The city has long been beset by corruption that in one case led federal regulators to block a bond sale.
The city settled fraud charges accusing it of misleading bondholders over the use of funds from a sale that was have funded a hotel project that was later abandoned.
The state comptroller continues to hold the intercepted funds pending a 90-day review period of Harvey’s appeal of the certification. The city has been in negotiations with the pension funds but a deal with the police fund fell apart.
The comptroller’s review period ends May 21, but it’s unclear whether the office would release the revenue to the police fund on that date.
“We are looking for direction from the court” since this is the first enforcement of the law, comptroller spokesman Abdon Pallasch said Friday. He added that the best solution is a global settlement between the city and both funds.
It’s unclear, too, what priority would be given on future withholdings to the police or firefighters fund as the law lacks a provision on competing claims, Pallasch said.
The 2011 law requires local governments outside of Chicago to fund their public safety pension plans at a level that will bring them to a 90% funded ratio by 2040. Beginning in fiscal 2016, pension funds became empowered to intercept state-collected revenues to municipalities in a gradually increasing amount reaching 100% this year.
If a municipality falls 90 days in arrears on that actuarially based payment schedule, the fund may certify the delinquency with the comptroller and the office must deduct the certified amounts or a portion from various state funds that flow to the municipality.
In addition to the Harvey funds, the comptroller has received a certified request from North Chicago’s firefighters' fund.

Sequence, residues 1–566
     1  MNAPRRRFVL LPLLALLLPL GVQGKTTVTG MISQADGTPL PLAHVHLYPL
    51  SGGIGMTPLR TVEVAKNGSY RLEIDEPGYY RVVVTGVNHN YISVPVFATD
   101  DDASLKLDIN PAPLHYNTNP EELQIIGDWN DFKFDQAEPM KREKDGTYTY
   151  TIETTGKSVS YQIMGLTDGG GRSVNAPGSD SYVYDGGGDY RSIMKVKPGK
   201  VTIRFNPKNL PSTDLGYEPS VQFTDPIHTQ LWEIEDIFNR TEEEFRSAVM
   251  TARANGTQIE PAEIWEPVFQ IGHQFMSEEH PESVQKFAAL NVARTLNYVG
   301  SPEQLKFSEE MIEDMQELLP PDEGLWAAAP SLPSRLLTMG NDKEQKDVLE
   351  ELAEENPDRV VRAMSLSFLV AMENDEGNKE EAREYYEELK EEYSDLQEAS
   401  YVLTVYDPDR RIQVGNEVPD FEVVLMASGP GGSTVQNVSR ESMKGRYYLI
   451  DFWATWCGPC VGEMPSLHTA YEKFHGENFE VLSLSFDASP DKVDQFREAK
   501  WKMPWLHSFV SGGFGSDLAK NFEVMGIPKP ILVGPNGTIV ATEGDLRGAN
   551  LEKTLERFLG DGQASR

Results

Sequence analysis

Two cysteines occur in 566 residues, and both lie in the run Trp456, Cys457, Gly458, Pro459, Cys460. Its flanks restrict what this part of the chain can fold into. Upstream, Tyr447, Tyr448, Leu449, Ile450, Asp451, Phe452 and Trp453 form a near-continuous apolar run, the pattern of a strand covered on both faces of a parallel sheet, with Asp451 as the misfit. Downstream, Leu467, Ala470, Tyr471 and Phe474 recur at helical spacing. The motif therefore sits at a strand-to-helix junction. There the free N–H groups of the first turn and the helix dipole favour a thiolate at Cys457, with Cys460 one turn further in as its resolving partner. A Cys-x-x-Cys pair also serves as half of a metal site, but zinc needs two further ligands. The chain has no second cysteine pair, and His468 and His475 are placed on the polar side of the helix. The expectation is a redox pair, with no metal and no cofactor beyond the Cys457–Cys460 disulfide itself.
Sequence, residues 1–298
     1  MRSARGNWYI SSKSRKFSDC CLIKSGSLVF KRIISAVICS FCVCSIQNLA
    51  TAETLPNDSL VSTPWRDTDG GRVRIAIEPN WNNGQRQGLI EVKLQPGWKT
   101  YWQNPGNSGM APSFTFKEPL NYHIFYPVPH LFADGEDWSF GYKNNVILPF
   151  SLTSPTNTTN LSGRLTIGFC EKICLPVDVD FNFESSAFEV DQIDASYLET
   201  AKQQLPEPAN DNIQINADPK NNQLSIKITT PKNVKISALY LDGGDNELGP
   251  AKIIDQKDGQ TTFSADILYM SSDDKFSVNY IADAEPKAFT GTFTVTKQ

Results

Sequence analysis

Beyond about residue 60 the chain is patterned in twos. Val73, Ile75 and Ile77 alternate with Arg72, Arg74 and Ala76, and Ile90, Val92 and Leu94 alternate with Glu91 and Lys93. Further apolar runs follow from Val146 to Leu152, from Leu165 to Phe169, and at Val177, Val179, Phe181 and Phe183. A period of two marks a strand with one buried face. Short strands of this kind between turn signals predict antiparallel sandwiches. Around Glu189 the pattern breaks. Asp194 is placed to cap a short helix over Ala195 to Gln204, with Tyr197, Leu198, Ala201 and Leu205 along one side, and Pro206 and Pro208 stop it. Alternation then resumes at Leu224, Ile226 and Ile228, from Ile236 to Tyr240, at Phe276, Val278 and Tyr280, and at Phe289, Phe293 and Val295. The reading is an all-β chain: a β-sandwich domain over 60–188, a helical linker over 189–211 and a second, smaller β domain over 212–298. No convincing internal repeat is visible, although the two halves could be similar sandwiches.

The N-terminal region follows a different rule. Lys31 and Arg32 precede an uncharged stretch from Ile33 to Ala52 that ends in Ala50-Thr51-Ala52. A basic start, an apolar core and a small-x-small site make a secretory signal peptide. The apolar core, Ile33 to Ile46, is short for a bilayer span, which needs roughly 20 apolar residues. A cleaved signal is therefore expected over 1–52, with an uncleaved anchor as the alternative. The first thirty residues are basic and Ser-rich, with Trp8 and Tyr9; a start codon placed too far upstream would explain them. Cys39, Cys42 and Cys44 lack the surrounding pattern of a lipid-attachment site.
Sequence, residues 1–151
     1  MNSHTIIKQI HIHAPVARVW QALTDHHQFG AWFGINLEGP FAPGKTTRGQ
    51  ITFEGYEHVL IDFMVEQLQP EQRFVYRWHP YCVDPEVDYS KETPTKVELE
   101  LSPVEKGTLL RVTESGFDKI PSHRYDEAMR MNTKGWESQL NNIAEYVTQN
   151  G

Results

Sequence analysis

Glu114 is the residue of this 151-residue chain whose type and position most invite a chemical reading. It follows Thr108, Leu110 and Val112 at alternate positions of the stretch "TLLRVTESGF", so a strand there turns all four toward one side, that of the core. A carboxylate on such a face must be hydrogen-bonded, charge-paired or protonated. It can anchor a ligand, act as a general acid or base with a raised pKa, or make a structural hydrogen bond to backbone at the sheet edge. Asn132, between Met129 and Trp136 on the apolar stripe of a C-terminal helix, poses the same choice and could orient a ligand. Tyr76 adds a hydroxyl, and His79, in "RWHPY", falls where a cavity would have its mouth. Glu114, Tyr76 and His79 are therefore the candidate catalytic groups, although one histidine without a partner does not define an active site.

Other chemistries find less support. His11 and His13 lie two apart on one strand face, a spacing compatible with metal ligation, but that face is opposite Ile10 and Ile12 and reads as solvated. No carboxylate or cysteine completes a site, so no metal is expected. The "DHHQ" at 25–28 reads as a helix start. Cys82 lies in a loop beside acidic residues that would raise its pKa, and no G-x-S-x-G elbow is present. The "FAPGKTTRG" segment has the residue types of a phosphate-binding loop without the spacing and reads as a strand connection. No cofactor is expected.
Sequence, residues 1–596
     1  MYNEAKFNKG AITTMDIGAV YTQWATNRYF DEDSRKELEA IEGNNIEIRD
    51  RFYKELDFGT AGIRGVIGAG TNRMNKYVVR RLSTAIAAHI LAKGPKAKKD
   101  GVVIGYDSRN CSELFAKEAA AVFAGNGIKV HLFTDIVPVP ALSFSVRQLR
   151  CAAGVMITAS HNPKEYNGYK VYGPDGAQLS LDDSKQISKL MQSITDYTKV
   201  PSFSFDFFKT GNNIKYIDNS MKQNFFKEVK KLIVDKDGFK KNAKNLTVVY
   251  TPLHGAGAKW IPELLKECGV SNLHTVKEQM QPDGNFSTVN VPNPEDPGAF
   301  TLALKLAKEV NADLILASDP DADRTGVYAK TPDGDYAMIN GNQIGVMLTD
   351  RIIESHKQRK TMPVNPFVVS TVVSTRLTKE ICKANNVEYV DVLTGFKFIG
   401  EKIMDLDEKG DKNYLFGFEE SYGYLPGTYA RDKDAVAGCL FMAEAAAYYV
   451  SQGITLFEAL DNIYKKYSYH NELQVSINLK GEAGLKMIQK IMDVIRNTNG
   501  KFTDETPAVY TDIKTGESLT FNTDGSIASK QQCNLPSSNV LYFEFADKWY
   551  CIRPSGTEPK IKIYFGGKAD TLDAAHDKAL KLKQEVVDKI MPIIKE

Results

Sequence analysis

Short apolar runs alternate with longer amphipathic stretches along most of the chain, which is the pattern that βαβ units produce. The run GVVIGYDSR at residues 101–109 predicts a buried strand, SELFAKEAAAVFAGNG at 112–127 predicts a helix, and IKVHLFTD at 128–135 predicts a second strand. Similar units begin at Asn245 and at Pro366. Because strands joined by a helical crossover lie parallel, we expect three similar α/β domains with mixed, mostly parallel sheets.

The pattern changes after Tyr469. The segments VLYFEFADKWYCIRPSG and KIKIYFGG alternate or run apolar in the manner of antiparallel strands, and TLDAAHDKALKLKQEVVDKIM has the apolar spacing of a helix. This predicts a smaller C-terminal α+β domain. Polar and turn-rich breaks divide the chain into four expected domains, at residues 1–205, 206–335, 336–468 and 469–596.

Local government public safety pensions outside Chicago are carrying about $9.9 billion of unfunded liabilities with a collective funded ratio of 57.58% and several reports have warned that hundreds of funds have not received their full actuarial contributions from sponsoring governments.
Fitch Ratings weighed in Thursday with a report about recent Illinois securitization transactions that said revenues “sold through securitizations are not subject to diversion in the event the transferring unit underfunds public safety pension contributions.”
Chicago has leveraged its state-collected sales taxes in $1.4 billion of debt sales through its Sales Tax Securitization Corporation to refund outstanding debt since last December and the suburb of Bridgeview leveraged $47 million. A 2017 law established the program.
The two special entities “have no pension obligations and therefore there is no legal basis by which their revenues would be diverted by the state comptroller,” Fitch wrote. The state pledges not to limit or alter the rights and powers vested in the state comptroller, treasurer or department of revenue that would impair any contract made by the transferring unit with the issuing entity, including contracts executed in connection with the issuance of debt.
Chicago, furthermore, is not subject to the 2011 pension intercept law. Under the city’s more recent state-approved pension legislation, all four of its retirement funds can only seek to divert state grant funds in the event the city falls short of making the payments required under its statutes.